Son of Danish tennis professional Torben Ulrich, Lars was living in Newport Beach in the early ’80s when he and singer James Hetfield formed Metallica. The group’s music—influenced by the dark, threatening sounds of British bands that muted punk and metal—was far from that of the flimsy, glam-conscious Hollywood bands that were popular at the time.

Despite receiving almost no radio airplay, the band was hailed by critics as a thinking person's metal group and last year broke into the rock mainstream with its highly accessible "Metallica” album.

Drinking mineral water in the bar of a chic hotel here on the eve of the Giants Stadium concert, Ulrich, 28, spoke about Guns N' Roses, Metallica and rock ’n’ roll statements.

Question: Do you feel any sort of battle of the bands competition between you and Guns N’ Roses on the tour?

Answer: Yes, but in a positive sense. This tour came along at exactly the right moment for us because we had done 140 shows on our own in America and sometimes you need something to inspire you or force you into giving a little more of yourself.
Knowing Guns is going to be on the same stage each night is something that pushes you to another level of playing—and I’m sure the same is true for them. The couple of nights I’ve watched them on the tour, I think they’ve played at a higher level than when I saw them on their own.

Q: Did you think there would be a problem when Metallica and Guns fans got together?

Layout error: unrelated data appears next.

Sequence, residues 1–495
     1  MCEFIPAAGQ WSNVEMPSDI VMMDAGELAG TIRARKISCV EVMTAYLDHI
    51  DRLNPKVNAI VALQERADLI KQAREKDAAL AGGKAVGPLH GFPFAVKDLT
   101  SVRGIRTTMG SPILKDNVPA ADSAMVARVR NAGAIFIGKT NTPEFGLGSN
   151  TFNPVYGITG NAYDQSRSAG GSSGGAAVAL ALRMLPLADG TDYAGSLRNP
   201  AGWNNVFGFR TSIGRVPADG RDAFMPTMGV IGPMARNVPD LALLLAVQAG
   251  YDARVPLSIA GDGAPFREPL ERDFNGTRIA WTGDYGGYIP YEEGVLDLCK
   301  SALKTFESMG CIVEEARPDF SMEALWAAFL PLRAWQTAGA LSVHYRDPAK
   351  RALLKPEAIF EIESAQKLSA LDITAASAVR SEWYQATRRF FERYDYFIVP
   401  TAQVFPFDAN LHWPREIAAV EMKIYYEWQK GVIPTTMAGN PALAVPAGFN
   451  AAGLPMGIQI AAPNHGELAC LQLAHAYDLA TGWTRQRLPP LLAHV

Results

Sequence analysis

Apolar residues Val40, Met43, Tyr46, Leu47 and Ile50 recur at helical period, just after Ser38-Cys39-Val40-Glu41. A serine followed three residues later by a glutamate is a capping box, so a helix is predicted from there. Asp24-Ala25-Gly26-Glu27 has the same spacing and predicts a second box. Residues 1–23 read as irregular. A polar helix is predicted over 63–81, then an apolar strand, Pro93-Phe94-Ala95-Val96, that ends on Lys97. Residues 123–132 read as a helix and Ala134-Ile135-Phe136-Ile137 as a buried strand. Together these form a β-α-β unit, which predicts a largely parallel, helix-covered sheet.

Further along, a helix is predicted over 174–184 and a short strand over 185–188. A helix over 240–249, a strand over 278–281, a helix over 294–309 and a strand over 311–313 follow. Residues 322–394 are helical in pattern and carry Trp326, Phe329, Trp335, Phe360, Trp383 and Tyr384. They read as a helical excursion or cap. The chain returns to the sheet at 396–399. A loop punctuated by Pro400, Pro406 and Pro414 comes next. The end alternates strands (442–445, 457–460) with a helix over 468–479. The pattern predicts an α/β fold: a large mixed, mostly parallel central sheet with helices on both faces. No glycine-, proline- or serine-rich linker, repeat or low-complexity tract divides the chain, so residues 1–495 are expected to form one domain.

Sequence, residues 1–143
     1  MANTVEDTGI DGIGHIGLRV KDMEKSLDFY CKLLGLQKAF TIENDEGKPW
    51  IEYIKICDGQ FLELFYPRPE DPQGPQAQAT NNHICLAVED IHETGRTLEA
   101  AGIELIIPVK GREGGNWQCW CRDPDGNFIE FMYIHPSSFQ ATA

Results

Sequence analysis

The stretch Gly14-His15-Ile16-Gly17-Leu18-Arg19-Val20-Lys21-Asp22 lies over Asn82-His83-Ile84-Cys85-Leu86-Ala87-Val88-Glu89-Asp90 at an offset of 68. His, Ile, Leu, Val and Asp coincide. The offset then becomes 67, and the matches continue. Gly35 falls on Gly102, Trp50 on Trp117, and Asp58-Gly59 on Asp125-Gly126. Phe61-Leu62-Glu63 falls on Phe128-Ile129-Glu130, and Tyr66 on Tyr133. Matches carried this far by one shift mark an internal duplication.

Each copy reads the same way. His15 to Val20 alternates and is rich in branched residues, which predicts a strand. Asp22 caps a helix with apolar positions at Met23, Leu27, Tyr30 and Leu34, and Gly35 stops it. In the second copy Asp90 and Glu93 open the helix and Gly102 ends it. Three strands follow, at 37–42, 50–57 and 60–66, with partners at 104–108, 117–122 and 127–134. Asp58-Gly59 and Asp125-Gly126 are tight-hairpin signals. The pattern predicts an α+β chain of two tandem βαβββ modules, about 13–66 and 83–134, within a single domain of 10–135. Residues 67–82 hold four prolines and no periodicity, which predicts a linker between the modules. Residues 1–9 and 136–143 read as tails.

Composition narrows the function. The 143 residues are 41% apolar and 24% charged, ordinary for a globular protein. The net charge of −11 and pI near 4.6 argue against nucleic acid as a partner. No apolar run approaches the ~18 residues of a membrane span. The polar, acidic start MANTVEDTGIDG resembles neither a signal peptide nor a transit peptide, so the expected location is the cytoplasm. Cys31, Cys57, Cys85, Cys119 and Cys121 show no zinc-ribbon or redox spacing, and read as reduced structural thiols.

A: No, because I think the real Guns N’ Roses fans and the real Metallica fans are a lot closer than people think. I’m talking about our foundation audiences—the first 2 or 3 million people who buy ‘’Metallica’’ or who buy [Guns’] "Use Your Illusion" albums. Those fans share a lot of attitudes that the bands share ... in terms of doing things your own way, not catering to what the music business tries to force bands to do.
The difference in the audiences becomes more marked when you get into the more casual fans... the ones who buy "Metallica" because they hear [the single] "Nothing Else Matters" on the radio or who get into Guns N’ Roses because of the success of “Sweet Child o' Mine.”

Q: Any concerns that something might go wrong on the tour because of Axl Rose's temperamental nature?

A: I always find it amusing that the minute you start saying Guns N’ Roses, everybody conjures up all these pictures that are the result of images and rumors. I know a lot of people said the tour will never happen or Axl’ll never show up, but I never had any worries. I know Axl and that when he really wants to do something, he
can do it. Both bands have enough mutual respect for each other not to drag each other down.

Q: I understand you invited Nirvana to open the show before you invited Faith No More. What happened?

A: I don’t want to go into too much negative stuff about Nirvana but it was kind of annoying when they refused to go along because Nirvana is another band with attitudes similar to Guns N’ Roses and Metallica. They kept saying they didn’t know what they wanted to do with themselves and their career. They didn’t know if they wanted to play stadiums or even go on tour.